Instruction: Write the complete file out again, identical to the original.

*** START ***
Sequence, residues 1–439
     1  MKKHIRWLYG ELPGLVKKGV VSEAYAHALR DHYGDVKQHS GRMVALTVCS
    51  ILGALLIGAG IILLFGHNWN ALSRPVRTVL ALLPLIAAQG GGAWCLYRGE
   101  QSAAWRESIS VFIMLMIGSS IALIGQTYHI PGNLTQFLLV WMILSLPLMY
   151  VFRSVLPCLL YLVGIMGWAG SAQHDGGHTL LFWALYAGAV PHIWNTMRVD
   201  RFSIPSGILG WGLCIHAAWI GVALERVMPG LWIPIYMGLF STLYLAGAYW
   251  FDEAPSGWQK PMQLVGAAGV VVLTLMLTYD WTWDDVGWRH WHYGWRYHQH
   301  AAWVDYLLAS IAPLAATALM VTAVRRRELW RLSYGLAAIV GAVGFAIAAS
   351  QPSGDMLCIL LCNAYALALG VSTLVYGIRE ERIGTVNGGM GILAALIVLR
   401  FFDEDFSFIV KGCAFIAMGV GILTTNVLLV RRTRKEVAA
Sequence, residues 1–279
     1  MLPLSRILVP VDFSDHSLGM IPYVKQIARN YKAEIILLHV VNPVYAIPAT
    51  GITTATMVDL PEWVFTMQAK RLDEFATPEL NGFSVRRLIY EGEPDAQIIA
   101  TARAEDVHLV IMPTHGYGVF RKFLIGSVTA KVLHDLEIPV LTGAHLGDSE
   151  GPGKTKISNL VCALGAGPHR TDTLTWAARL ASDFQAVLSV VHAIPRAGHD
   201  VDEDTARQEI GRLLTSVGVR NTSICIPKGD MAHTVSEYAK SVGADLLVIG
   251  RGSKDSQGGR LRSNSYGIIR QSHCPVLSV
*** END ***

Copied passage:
Sequence, residues 1–439
     1  MKKHIRWLYG ELPGLVKKGV VSEAYAHALR DHYGDVKQHS GRMVALTVCS
    51  ILGALLIGAG IILLFGHNWN ALSRPVRTVL ALLPLIAAQG GGAWCLYRGE
   101  QSAAWRESIS VFIMLMIGSS IALIGQTYHI PGNLTQFLLV WMILSLPLMY
   151  VFRSVLPCLL YLVGIMGWAG SAQHDGGHTL LFWALYAGAV PHIWNTMRVD
   201  RFSIPSGILG WGLCIHAAWI GVALERVMPG LWIPIYMGLF STLYLAGAYW
   251  FDEAPSGWQK PMQLVGAAGV VVLTLMLTYD WTWDDVGWRH WHYGWRYHQH
   301  AAWVDYLLAS IAPLAATALM VTAVRRRELW RLSYGLAAIV GAVGFAIAAS
   351  QPSGDMLCIL LCNAYALALG VSTLVYGIRE ERIGTVNGGM GILAALIVLR
   401  FFDEDFSFIV KGCAFIAMGV GILTTNVLLV RRTRKEVAA
Sequence, residues 1–279
     1  MLPLSRILVP VDFSDHSLGM IPYVKQIARN YKAEIILLHV VNPVYAIPAT
    51  GITTATMVDL PEWVFTMQAK RLDEFATPEL NGFSVRRLIY EGEPDAQIIA
   101  TARAEDVHLV IMPTHGYGVF RKFLIGSVTA KVLHDLEIPV LTGAHLGDSE
   151  GPGKTKISNL VCALGAGPHR TDTLTWAARL ASDFQAVLSV VHAIPRAGHD
   201  VDEDTARQEI GRLLTSVGVR NTSICIPKGD MAHTVSEYAK SVGADLLVIG
   251  RGSKDSQGGR LRSNSYGIIR QSHCPVLSV